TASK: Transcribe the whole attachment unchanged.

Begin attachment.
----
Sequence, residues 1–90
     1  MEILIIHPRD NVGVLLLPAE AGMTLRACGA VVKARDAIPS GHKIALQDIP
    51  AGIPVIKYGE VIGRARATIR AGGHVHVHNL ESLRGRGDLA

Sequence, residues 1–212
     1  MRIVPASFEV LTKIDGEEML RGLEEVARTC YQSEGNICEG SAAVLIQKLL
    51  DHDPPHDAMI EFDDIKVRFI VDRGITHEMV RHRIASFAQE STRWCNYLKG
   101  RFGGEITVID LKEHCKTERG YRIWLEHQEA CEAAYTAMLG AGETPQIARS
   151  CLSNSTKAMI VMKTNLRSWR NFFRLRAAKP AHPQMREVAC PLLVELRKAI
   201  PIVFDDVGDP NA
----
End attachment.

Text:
Sequence, residues 1–90
     1  MEILIIHPRD NVGVLLLPAE AGMTLRACGA VVKARDAIPS GHKIALQDIP
    51  AGIPVIKYGE VIGRARATIR AGGHVHVHNL ESLRGRGDLA

Sequence, residues 1–212
     1  MRIVPASFEV LTKIDGEEML RGLEEVARTC YQSEGNICEG SAAVLIQKLL
    51  DHDPPHDAMI EFDDIKVRFI VDRGITHEMV RHRIASFAQE STRWCNYLKG
   101  RFGGEITVID LKEHCKTERG YRIWLEHQEA CEAAYTAMLG AGETPQIARS
   151  CLSNSTKAMI VMKTNLRSWR NFFRLRAAKP AHPQMREVAC PLLVELRKAI
   201  PIVFDDVGDP NA